110 Meter Hurdles
July 8-9
2012 Olympics: Aries Merritt (gold), Jason Richardson (silver), Jeff Porter (semifinals)
2015 Worlds: Aries Merritt (bronze), David Oliver (seventh), Aleec Harris (semifinals), Ronnie Ash (first round)

Outlook: The world-record holder Merritt is the story here, after earning bronze at Worlds with kidney function at less than 20 percent. He is coming back from a Sept. 1 kidney transplant (and a follow-up procedure in October). Incredibly, Merritt has returned to rank third in the U.S. so far this year, behind Oliver and Ash.

MORE: Lolo Jones scratches out of Olympic Trials

Diana Taurasi says 2024 Paris Olympics ‘on my radar’

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Diana Taurasi said immediately after winning her fifth Olympic gold medal in Tokyo that she might try for a record sixth in Paris.

It’s still on her mind 17 months out of the 2024 Paris Olympics.

“It’s something that it’s on my radar,” Taurasi told The Associated Press in a phone interview Tuesday after the first day of a USA Basketball training camp in Minnesota, her first national team activity since Tokyo. “I’m still competitive, still driven, still want to play, I still love being a part of USA Basketball.”

Taurasi will be 42 at the time of the Paris Games — older than any previous Olympic basketball player — but said if she’s healthy enough she’d like to give it a go.

“If the opportunity comes to play and be a part of it, it’s something I’ve always taken a lot of pride in,” said Taurasi, who shares the record of five Olympic basketball gold medals with the retired Sue Bird. “When you get to my age at this point in my career, you just try to win every day. Right now this is a good opportunity to be part of this team moving forward we’ll see what happens.”

She said she would have played at the FIBA World Cup last year in Australia, but had a quad strain that kept her out of the end of the WNBA season.

“I got hurt a little bit before. I had a good conversation with Coach (Cheryl) Reeve and (USA Basketball CEO Jim) Tooley. I felt like I hadn’t played enough basketball to be out there and help,” Taurasi said. “That’s the biggest thing with USA Basketball is being able to help the team win.”

Reeve said Monday that when she succeeded Dawn Staley as head coach a few months after Tokyo, she wasn’t sure whether Taurasi would play for the national team again. That was before her conversation with Taurasi.

“I look forward to having a chance to have her be around and be, as I told her, a great voice,” Reeve said. “Obviously, the competitive fire that she competes with is something that we all do well with.”

In Tokyo, Taurasi started all six games and averaged 18.8 minutes per game, sixth-most on the team (fewer than backup guard Chelsea Gray). Her 5.8 points per game were her fewest in her Olympic career, though she was dealing with a hip injury.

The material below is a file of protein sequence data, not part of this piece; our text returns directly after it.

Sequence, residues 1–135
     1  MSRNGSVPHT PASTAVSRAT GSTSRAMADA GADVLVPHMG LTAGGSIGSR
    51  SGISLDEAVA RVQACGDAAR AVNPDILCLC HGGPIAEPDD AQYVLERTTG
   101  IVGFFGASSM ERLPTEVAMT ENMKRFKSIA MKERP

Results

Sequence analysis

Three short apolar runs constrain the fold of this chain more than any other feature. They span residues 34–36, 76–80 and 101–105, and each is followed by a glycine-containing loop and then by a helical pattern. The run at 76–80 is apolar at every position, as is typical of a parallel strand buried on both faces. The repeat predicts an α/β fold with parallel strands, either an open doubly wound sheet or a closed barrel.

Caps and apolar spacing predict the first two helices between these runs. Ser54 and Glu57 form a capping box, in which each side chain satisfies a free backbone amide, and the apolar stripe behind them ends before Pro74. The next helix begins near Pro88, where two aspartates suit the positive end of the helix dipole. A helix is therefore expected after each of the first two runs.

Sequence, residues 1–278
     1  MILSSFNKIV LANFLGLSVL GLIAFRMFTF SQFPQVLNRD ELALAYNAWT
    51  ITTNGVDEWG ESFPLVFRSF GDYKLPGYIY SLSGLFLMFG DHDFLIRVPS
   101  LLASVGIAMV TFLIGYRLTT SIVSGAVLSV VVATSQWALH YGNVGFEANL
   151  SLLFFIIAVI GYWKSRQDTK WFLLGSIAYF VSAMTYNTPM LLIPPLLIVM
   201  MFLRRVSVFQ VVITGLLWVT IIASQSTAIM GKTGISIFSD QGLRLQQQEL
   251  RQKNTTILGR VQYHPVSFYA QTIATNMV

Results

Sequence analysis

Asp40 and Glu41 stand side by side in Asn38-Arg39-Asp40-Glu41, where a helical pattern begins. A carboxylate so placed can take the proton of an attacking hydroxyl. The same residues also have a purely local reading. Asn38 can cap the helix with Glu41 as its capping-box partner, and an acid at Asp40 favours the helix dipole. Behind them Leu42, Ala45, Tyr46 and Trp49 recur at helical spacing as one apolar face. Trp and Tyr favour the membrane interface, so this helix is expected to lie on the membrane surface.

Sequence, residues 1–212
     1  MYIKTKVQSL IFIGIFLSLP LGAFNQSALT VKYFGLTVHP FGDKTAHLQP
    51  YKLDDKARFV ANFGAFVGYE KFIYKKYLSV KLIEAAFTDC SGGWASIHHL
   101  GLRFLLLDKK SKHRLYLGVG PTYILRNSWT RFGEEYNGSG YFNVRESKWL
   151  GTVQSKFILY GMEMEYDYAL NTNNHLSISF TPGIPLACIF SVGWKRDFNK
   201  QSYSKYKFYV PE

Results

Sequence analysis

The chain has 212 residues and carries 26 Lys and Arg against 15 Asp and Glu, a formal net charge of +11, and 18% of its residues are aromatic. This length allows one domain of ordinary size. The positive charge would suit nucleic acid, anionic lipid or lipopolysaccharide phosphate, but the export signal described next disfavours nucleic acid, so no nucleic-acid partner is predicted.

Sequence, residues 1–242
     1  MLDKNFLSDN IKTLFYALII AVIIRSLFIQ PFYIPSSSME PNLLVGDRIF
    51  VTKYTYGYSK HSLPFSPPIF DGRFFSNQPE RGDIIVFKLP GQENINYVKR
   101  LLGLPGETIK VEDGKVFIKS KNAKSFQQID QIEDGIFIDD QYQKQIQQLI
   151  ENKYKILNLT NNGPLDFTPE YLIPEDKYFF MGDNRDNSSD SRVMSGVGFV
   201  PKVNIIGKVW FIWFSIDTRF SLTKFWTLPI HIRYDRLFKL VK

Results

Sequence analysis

Taurasi is an unrestricted free agent although she is expected to return back to Phoenix where she’s spent her entire career since getting drafted No. 1 overall in 2003.

“Phoenix still has things they need to work out,” the WNBA’s all-time leading scorer said.

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Alexis Pinturault wins world championships combined; American in fourth

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France’s Alexis Pinturault won the world Alpine skiing championships combined at his home venue after defending world champion Marco Schwarz blew a lead in the final seconds of his slalom run.

Pinturault, a 31-year-old who hadn’t won a race in nearly two years (the longest drought of his distinguished career), prevailed by one tenth of a second over the Austrian Schwarz in Courchevel, France.

“I hope to enjoy it because it was pretty difficult some months ago,” Pinturault said.

Austrian Raphael Haaser took bronze in an event that combined times from a morning super-G run and an afternoon slalom run, one day after his older sister took bronze in the women’s combined.

River Radamus was fourth, a quarter of a second from becoming the first U.S. man to win an Alpine worlds medal since 2015. Radamus’ best event is the giant slalom, which is scheduled for Feb. 17 at worlds.

“It’s nice, but honestly, you don’t come to world championships hoping to get fourth,” Radamus said.

Five skiers finished within 2.98 seconds of the winner in an event that has been dropped from the annual World Cup schedule and is under review to remain on the Olympic program.

ALPINE WORLDS: Results | Broadcast Schedule

Pinturault had the fastest super-G run by six hundredths over Schwarz. Schwarz, a slightly better slalom skier than Pinturault, erased that deficit early in the slalom and had a three tenths lead at the last intermediate split.

He gave it all away about six gates from the finish, slamming on the brakes. Moments later, he crossed the finish line one tenth behind Pinturault, who reacted by pumping his fists in the air.

The Frenchman earned his first race victory since the March 2021 World Cup Finals giant slalom, where he clinched his first World Cup overall title, the biggest annual prize in ski racing. Last season, Pinturault went winless on the World Cup for the first time since he was a teenage rookie in 2011, plus went medal-less at the Olympics.

Pinturault, who grew up in Courchevel and now co-owns the family’s five-star Hotel Annapurna there, had retirement cross his mind in the offseason, according to Eurosport. He skipped a pre-worlds Sunday press conference due to illness.

Nonetheless, Pinturault was on the front page of French newspapers this week, including L’Equipe on Tuesday. In a sports cover story for Le Figaro, Pinturault said that, given the circumstances, it would be almost a “nice surprise” to go for a medal at these worlds.

Olympic champion Johannes Strolz of Austria skied out of the slalom after tying for 29th in the super-G.

Olympic silver and bronze medalists Aleksander Aamodt Kilde of Norway and Jack Crawford of Canada were among the speed specialists who did not start the slalom. They essentially used the event as a training run for Thursday’s super-G.

Worlds continue Wednesday with the women’s super-G, where Mikaela Shiffrin is a medal contender but not the favorite. She can tie the modern-era records for individual world championships gold medals (seven) and total medals (12).

The Associated Press contributed to this report.